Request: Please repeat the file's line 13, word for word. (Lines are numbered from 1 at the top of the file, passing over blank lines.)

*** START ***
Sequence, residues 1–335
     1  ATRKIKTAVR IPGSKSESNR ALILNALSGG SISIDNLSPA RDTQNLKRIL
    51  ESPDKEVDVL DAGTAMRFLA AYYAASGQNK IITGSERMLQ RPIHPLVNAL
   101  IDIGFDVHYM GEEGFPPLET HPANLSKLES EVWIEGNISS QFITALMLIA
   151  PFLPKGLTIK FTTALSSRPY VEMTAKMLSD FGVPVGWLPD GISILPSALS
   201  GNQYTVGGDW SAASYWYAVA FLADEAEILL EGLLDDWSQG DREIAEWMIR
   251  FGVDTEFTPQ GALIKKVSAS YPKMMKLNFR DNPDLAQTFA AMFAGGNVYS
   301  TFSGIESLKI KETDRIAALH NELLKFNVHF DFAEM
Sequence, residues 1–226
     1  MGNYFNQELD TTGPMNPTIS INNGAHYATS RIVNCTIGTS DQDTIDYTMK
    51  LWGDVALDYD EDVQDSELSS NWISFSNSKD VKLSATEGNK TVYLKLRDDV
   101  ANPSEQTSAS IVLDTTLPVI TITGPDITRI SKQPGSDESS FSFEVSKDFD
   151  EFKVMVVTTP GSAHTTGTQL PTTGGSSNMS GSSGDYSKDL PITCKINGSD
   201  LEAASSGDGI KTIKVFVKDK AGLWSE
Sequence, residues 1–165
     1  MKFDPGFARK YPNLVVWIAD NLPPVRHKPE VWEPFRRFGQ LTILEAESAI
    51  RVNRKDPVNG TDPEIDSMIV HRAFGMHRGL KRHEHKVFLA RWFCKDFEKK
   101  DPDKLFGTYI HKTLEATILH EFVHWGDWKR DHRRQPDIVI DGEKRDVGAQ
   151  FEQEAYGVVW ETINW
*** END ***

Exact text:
   151  EFKVMVVTTP GSAHTTGTQL PTTGGSSNMS GSSGDYSKDL PITCKINGSD